For a second, imagine a scenario where you are a teenager. You, like most teenagers, are attracted to teenagers of the opposite sex. Because said statement is so obvious, you don't see any problem with informing your parents that you are attracted to teenagers of the opposite sex. Unfortunately, your parents are really uptight and decide to ground you for even mentioning that to them.
Sounds ridiculous, right? Well, it's not really far off from what's happening right now with Mavericks owner Mark Cuban. In an interview with CNNMoney.com, Cuban was asked about LeBron James and said this.
"Come July 1st, yeah, of course, anybody would be interested in LeBron James, and if he leaves via free agency, then it's going to be tough," Cuban said. "If he does like I'm guessing, hoping he will, which is say, 'I'm not going to leave the Cavs high and dry,' if he decides to leave -- there's still a better chance he stays -- then he'll try to force a sign-and-trade, and that gives us a chance."
In other words: "Yes, I would like to get the best player in basketball if he decides to leave his team, and I think we could maybe possibly have a chance to get him." To extend the analogy, it's like a teenage male telling his parents, "Yes, I would like to date that girl Jennifer, and if she leaves her boyfriend for whatever reason, I think she might like me."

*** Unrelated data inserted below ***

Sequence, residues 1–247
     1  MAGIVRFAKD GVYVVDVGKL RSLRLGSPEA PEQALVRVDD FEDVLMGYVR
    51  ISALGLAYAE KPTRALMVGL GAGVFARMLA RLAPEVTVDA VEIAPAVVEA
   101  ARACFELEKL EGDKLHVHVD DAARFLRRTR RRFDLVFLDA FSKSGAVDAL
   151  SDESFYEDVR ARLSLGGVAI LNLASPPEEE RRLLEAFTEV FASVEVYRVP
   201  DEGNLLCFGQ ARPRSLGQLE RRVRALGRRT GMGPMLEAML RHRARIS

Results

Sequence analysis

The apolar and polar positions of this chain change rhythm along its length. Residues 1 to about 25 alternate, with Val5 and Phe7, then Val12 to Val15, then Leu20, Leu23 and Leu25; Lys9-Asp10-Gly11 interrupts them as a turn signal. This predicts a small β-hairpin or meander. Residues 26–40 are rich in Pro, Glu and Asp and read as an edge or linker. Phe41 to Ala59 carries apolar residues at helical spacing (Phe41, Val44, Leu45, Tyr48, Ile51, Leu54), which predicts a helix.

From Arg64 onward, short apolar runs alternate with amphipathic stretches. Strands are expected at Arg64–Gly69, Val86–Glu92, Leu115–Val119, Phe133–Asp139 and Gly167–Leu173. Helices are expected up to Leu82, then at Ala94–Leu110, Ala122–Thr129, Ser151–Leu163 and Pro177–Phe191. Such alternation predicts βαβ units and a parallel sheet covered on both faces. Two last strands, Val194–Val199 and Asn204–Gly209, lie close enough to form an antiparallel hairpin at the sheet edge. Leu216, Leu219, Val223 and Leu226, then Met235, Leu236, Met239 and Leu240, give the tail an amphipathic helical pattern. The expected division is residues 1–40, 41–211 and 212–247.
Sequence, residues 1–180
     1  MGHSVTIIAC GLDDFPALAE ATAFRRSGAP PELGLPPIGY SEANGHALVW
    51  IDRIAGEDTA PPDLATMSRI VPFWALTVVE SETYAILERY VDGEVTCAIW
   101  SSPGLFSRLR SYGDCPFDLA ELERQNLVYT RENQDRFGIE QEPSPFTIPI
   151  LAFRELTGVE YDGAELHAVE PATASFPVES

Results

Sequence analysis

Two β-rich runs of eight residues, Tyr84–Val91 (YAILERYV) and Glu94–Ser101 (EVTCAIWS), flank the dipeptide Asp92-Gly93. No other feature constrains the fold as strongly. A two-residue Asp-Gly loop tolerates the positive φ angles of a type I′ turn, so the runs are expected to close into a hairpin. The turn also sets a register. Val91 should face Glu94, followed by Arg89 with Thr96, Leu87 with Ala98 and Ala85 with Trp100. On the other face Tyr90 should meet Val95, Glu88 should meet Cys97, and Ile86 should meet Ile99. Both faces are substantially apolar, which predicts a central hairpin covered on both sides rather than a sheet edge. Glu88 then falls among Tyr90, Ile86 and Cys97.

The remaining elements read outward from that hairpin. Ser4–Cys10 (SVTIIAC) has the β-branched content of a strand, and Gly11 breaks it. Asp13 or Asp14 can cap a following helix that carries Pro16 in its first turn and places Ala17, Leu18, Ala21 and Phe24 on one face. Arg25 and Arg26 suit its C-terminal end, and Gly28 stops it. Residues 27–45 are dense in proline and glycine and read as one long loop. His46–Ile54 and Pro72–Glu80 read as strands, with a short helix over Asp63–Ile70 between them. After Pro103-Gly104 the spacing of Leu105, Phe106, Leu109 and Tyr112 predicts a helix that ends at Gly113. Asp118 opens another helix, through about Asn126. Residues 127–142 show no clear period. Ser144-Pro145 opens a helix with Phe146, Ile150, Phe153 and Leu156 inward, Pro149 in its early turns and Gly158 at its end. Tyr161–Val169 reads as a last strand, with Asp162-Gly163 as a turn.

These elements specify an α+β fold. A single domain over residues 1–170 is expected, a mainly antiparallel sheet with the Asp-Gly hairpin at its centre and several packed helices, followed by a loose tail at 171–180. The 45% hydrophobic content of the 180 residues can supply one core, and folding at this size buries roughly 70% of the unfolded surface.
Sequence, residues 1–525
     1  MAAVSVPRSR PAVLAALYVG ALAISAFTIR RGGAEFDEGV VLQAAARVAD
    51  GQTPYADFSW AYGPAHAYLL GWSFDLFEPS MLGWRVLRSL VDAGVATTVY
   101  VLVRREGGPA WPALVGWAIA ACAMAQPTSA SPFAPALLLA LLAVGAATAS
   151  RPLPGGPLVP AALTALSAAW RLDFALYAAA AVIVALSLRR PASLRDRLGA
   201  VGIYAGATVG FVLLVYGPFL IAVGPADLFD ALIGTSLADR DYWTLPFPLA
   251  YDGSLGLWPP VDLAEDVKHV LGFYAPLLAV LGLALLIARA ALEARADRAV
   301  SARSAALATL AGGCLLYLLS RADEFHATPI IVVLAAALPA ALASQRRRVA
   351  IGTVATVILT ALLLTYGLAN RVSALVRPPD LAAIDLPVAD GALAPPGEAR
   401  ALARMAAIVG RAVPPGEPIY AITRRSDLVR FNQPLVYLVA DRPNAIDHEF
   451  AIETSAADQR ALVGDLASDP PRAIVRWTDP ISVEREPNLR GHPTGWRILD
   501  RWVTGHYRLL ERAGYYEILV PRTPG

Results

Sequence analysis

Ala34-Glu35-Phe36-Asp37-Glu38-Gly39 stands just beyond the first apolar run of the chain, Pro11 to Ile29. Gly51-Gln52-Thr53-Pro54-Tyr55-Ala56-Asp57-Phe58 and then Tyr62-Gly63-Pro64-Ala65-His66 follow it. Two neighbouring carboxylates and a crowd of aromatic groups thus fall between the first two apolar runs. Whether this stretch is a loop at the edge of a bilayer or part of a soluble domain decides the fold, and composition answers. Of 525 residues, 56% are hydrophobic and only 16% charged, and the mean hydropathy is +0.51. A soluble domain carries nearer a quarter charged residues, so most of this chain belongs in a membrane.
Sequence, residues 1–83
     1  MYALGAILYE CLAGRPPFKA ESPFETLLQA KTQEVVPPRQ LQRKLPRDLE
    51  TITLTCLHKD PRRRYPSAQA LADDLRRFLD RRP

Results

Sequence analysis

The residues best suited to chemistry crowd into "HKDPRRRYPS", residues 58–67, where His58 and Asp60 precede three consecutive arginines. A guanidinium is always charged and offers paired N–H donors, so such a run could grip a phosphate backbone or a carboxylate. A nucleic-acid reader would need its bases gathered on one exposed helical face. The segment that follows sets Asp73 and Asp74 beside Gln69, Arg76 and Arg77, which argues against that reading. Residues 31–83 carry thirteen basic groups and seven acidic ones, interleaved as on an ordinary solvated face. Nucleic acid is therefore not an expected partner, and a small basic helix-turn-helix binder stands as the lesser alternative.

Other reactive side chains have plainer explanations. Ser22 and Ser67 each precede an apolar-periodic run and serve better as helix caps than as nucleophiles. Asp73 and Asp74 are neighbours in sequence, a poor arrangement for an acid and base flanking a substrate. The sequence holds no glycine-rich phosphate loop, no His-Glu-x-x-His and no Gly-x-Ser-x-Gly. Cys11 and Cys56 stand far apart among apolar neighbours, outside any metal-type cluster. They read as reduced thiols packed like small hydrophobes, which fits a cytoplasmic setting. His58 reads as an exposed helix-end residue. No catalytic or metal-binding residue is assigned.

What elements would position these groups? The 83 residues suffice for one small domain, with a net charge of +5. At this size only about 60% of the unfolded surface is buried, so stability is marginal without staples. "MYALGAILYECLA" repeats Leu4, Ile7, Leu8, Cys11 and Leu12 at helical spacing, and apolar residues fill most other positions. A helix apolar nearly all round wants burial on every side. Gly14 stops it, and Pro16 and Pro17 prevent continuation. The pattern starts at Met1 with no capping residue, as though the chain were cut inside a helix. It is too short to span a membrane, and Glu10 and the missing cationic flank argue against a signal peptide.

But heavens forbid, there can be no tampering with LeBron James! Nevermind that the Knicks and several other teams have been talking about signing LeBron for two years. Nevermind that the subtext is completely obvious at this point. No, the NBA must crack down on people mentioning LeBron James' name when asked! And so, they're considering punishing Cuban and the Mavericks for his statements, according to the Dallas Morning News.
A spokesman for the league said a review of the situation is underway. The NBA has a tampering rule that can result in a fine of up to $1 million and a loss of draft picks or other assets. But whether or not stating that everybody will be interested in James constitutes tampering is debatable.
Actually, it's not debatable. It's not tampering. Here's hoping the NBA realizes that.